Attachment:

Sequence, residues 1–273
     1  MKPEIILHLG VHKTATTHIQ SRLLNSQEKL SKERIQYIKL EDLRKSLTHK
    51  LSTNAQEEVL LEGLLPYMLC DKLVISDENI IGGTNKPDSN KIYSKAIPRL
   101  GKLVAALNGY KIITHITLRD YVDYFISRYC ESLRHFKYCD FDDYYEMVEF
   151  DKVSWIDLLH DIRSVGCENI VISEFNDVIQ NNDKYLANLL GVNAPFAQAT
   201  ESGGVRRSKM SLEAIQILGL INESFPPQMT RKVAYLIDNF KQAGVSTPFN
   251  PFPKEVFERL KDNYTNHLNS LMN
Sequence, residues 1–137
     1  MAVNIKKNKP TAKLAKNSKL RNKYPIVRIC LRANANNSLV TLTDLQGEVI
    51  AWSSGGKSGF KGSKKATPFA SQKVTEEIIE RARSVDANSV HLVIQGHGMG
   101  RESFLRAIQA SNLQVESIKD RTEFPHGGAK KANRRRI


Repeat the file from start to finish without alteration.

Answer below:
Sequence, residues 1–273
     1  MKPEIILHLG VHKTATTHIQ SRLLNSQEKL SKERIQYIKL EDLRKSLTHK
    51  LSTNAQEEVL LEGLLPYMLC DKLVISDENI IGGTNKPDSN KIYSKAIPRL
   101  GKLVAALNGY KIITHITLRD YVDYFISRYC ESLRHFKYCD FDDYYEMVEF
   151  DKVSWIDLLH DIRSVGCENI VISEFNDVIQ NNDKYLANLL GVNAPFAQAT
   201  ESGGVRRSKM SLEAIQILGL INESFPPQMT RKVAYLIDNF KQAGVSTPFN
   251  PFPKEVFERL KDNYTNHLNS LMN
Sequence, residues 1–137
     1  MAVNIKKNKP TAKLAKNSKL RNKYPIVRIC LRANANNSLV TLTDLQGEVI
    51  AWSSGGKSGF KGSKKATPFA SQKVTEEIIE RARSVDANSV HLVIQGHGMG
   101  RESFLRAIQA SNLQVESIKD RTEFPHGGAK KANRRRI